Distribution
Learn more about how EUL is distributed to protocol users to decentralise governance

Introduction

In order to progressively decentralise governance of the Euler Protocol, EUL will be distibuted to protocol users over a period of (at least) 4 years. The distribution programme is broken down into cycles called epochs. Every epoch EUL gets distributed to borrowers on a subset of community-selected markets. The markets eligible for a distribution are determined by an EUL staking gauge system.

How it Works

The amount of EUL each borrower receives is proportional to the time-weighted amount of debt they held of an asset within the epoch. For example, if 50 EUL are to be distributed to the DAI market in epoch 3, and if Alice borrows 10 DAI for 1 day, and Bob borrows 5 DAI for 2 days, then at the end of the epoch they will both be able to claim an equal share of 25 EUL.

Recursive Borrowing

All systems for distributing tokens to users are vulnerable to being gamed. On other lending protocols, professional yield farmers will often try to game token distributions by recursively lending and borrowing the same asset over and over again. Whilst gaming the distribution in this way does no harm to a protocol per se, it does limit decentralisation of its token supply.
This is because recursive borrowing is difficult strategy to employ for most ordinary users, requiring large amounts of starting capital, as well as knowledge of flash loans and the ability to write smart contract-based yield farming strategies. Ultimately this knowledge gap means that a subset of well-capitalised professional yield farmers are able to claim a disproportionate share of the distribution.
Attempting to ban or otherwise regulate recursive borrowing, as some have suggested, is a poor solution to this problem. In general, regulations make such things worse, rather than better. Well-capitalised professionals are often placed at an even better advantage than if no regulations existed at all. Banning recursive borrowing can easily be sidestepped by professionals using smart contracts by routing borrowing through multiple Ethereum address, for example. In any case, recursive borrowing is a legitimate strategy many users employ whilst setting up a leveraged long/short postion.
Instead of try to regulate recursive borrowing, therefore, Euler instead makes recursive borrowing easier. The logic behind this approach may seem a little strange at first, but this approach follows the principle of free and fair markets, democratising the process by which users can game the distribution. It enables users of any asset, with any amount of starting capital, to deploy the same strategy as the professionals. Any user can recursively borrow any asset on Euler by using the Mint function.

Using Mint

A user with $1000 RBN in their wallet can recursively borrow using the following approach:
  • Deposit $1000 RBN
  • Mint $10,000 RBN
Mint is a function that creates equal amounts of deposits and debts for an asset on Euler. It is often used whilst setting up a leveraged long/short position. However, it can also be used to do a form of recusrive borrowing. In particular, note that the end result in the above example is that the user has $11,000 RBN deposits, and $10,000 RBN debts. Exactly the same as if they had deposited and borrowed over and over again many times.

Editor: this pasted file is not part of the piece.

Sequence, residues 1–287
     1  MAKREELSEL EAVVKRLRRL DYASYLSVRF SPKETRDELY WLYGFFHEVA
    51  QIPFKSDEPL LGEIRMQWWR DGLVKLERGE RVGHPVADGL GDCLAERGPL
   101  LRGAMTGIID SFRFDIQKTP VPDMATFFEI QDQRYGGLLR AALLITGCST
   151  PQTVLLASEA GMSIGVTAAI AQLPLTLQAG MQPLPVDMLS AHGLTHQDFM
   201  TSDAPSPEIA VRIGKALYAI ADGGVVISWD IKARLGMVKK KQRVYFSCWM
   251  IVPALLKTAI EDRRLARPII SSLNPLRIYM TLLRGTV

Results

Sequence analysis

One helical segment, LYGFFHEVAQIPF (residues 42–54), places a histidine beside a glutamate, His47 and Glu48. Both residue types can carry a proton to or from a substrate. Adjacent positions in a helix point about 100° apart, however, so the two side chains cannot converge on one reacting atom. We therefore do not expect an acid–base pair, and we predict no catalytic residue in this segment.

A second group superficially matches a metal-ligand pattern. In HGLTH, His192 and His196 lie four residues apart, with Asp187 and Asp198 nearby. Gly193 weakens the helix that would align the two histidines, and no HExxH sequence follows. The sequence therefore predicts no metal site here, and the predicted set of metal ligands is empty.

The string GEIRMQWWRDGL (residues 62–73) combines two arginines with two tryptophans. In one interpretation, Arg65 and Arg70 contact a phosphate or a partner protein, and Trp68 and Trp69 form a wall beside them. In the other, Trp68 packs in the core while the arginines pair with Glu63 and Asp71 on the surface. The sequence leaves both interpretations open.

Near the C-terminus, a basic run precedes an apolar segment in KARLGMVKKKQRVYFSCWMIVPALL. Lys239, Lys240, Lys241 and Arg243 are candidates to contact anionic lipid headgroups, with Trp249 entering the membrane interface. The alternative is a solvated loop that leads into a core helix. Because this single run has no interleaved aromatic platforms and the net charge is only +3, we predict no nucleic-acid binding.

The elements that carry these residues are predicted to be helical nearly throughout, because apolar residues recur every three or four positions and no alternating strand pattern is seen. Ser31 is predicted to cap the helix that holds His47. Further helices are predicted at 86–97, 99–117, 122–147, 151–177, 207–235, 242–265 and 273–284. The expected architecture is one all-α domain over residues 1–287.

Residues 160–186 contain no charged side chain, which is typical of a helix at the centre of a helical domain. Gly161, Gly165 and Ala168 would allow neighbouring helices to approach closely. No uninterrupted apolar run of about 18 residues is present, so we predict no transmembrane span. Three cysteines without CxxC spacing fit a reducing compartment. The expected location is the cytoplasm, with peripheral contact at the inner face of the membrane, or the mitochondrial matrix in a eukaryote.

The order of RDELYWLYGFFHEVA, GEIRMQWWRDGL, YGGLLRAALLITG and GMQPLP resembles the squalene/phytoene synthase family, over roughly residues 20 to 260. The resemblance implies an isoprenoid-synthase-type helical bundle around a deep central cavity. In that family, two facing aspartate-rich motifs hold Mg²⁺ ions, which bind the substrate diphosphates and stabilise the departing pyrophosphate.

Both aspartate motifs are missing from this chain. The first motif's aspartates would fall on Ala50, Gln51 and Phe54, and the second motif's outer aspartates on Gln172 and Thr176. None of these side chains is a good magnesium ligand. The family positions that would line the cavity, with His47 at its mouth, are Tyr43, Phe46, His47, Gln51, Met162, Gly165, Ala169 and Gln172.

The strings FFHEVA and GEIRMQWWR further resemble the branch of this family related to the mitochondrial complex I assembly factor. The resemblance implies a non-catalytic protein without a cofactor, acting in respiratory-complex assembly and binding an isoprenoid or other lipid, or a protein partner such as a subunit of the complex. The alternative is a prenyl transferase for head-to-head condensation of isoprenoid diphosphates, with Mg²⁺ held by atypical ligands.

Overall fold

Note that if they had simply borrowed RBN without using Mint, they would have been able to borrow <$1,000 worth of RBN (because of the over-collateralisation requirement). Thus, the user has increased their borrowing power by 10x using this approach.

Risks

Users taking the approach above, depositing and borrowing the same asset, will have a health score of exactly 1 (sometimes slightly higher sometimes if they do it with a collateral asset). This is because RBN can self-collateralise a loan of itself, but does not add any more borrowing power than is strictly needed to a user's account.
Changes in price of RBN will have no effect on a user's health score, because their collateral deposits rise and fall at the same rate as their debts. So, is a user at risk of liquidation? This depends on how much more interest they are paying on their debts than they are earning on their deposits.
The excess interest paid on debts will eventually eat into their initial $1,000 RBN deposit. How long the user has until liquidation depends how high the excess interest rate is. This is measure on the Euler as the estimated time to liquidation (TTL). It is important to recognise that this estimate assumes fixed interest rates though, when in reality the interest rates are variable. A TTL estimate of 1 year today, might be reduced to 6 months tomorrow, if the cost of borrown rises dramatically.

How to Claim

Users with an EUL distribution allocation can navigate to the rop right of the UI and click the 'Claim' button. That will open a dialogue box, showing a user's projected EUL distribution after the current epoch has completed. This will tick up second-by-second as a user accrues more time-weighted borrowing. The pending balance below that shows EUL tokens already distributed to the user but which remain in the distribution smart contract unclaimed. Users can click the Claim button in the bottom right of the dialogue to transfer those tokens to their wallet.